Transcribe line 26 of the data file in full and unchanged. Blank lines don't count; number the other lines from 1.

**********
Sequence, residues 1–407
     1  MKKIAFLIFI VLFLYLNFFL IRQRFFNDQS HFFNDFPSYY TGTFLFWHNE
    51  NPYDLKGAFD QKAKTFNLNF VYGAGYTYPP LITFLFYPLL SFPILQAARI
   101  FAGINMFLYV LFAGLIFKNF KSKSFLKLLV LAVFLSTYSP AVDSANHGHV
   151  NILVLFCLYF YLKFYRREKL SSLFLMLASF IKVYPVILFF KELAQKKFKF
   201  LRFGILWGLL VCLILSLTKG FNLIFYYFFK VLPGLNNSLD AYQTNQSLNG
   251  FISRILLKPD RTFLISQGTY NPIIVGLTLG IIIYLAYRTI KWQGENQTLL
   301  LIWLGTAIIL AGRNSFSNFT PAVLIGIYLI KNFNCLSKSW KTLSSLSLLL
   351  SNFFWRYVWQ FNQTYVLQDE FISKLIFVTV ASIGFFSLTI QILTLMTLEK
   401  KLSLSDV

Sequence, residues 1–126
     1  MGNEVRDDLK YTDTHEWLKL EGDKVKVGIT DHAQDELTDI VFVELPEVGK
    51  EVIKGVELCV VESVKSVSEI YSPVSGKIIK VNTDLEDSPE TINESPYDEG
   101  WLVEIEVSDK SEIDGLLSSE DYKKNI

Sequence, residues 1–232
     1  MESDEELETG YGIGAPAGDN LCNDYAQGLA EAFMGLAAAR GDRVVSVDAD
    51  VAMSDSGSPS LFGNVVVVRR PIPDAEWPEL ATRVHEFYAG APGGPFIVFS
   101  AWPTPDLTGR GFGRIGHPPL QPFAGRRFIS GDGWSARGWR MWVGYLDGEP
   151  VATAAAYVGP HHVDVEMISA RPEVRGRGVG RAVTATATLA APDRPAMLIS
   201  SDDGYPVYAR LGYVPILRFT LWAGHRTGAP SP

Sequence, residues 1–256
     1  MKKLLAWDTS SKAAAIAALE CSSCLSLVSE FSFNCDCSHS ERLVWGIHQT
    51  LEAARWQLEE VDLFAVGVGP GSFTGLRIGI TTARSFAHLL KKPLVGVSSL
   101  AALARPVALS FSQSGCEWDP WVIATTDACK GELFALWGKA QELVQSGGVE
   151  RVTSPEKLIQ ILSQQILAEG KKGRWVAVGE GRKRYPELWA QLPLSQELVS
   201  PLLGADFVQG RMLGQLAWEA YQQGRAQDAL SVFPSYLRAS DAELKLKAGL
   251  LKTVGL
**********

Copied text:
   201  PLLGADFVQG RMLGQLAWEA YQQGRAQDAL SVFPSYLRAS DAELKLKAGL